Congrats, Grigor Dimitrov, but what's next?

For so long, it seemed Grigor Dimitrov never got his substantial tool box organized. He lacked the commitment of an elite player, and unless he was on a hot streak, riding his ball-striking talent, he was vulnerable, volatile and prone to frustration.

But the 26-year-old Bulgarian with the stylish game is catching up with the hype that has trailed him since his teenage years, when he was dubbed "Baby Fed."

On Sunday in London, he won the ATP World Tour Finals, the biggest title of his career, by outdueling David Goffin 7-5, 4-6, 6-3 in a tense, 2½-hour match. It was an emotional, enervating triumph that left Dimitrov somewhat speechless.

"I'm lost for words a little bit, I'm not gonna lie," Dimitrov said when he was presented with the trophy. "I'm usually pretty good at this."

Now the question is as simple as the answer is complicated: Can he make up for lost time?

First, we have to look at the competition atop the game. Swiss icon Roger Federer is approaching 37, and Rafael Nadal, although the top-ranked player this season, is once again dealing with knee troubles. The picture at the top of the men's game seems more clouded than it has been in a decade, especially with the string of injuries that hit the tour this season. Four of the top five players from a year ago never lasted long enough this season to make it to the top in London.

So it seems Dimitrov is positioned to wedge himself more deeply into the Grand Slam conversation than ever before. The intriguing detail is that Dimitrov, who will finish the year ranked No. 3 behind Nadal and Federer, has threatened to be a force at the top before only to slide back.

He was the world's top-ranked junior a decade ago, sweeping the boys' titles at Wimbledon and the US Open. He was a Wimbledon semifinalist in 2014, the year he hit a then-career-high ranking of No. 8 at age 22. But he stumbled, falling as far No. 40 by the summer of 2016.

"Reaching No. 8 in the world at 22 was a difficult learning experience for him," Dani Vallverdu, Dimitrov's coach since August 2016, said at the Miami Open last February. "But it was good for him. Our main priority now is to keep things simple."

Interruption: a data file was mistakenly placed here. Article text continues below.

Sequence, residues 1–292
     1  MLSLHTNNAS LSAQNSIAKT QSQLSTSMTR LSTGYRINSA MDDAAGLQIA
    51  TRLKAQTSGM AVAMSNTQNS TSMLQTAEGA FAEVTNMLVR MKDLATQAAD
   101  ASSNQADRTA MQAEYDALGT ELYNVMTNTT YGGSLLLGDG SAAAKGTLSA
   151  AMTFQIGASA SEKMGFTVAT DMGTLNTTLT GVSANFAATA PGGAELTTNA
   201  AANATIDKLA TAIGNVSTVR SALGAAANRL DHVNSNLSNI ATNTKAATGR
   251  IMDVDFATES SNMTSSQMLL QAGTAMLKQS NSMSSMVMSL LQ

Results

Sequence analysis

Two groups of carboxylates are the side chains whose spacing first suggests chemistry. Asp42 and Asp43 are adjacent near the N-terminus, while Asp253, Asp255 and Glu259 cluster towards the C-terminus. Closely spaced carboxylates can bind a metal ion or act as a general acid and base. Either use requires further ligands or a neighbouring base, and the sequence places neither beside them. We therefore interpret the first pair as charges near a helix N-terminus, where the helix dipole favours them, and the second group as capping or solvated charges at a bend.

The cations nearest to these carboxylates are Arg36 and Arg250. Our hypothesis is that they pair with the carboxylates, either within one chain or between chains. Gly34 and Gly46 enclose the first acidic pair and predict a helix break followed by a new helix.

Simple is exactly what Dimitrov needs. He has never been easy to coach. Look no further than the string of six individuals who have worked with him.

The two faces of Dimitrov were on display over the weekend in London. During Saturday semifinals, it was almost painful to watch as he struggled with his nerves, trying to close out Jack Sock. But Dimitrov showed grit and survived.

In the final Sunday, he played brilliantly to reach triple-match point with Goffin serving down 5-2, only to see the calmer Belgian pull out the game with some brilliant shot-making. But Goffin's fightback didn't rattle Dimitrov. Pausing now and then for a deep breath, he played an excellent service game to win the title.

At 26, he's in the prime of his career. But he's also one of a number of players, including Goffin, Kei Nishikori, Sock and Milos Raonic who have been suppressed by the continuing excellence of Federer and his Big Four compatriots when healthy. Dimitrov and the outsiders are at about the midpoint of their careers and none has tasted ultimate success at a major.

But what's the rush? Look around the men's tennis landscape and this has become a game dominating by older players. We already know what Federer and Nadal did this season, winning two majors each. Novak Djokovic and Murray each hit 30 years old. And let's not forget Stan Wawrinka, Tomas Berdych, David Ferrer and Jo-Wilfried Tsonga. They are all consistent top performers who are in their fourth decade.

This was the eighth -- and by far most significant -- title of Dimitrov's career. He raked in half of those trophies this year, including Cincinnati Masters, which he won in August. That was his first Masters 1000 championship. Still, Dimitrov has a lot of ground to make up if he hopes to rise above the good to the great.

As ESPN analyst Brad Gilbert said after the match, there's not a lot that separates the No. 25th-ranked player from No. 3, so if Dimitrov is going to maintain his lofty position, any small shortcoming will hurt. But Gilbert also said that it's now time to start talking about Dimitrov in the Grand Slam picture. Australia, anyone?

On Sunday evening, Dimitrov sounded like a player who might have figured out how to stay near the top of his game and the rankings.

"This makes me even more locked in, more excited about my work and for what's to come," he told reporters. "I know what I have to do in order to do good."

It's a valuable lesson to learn the second time around.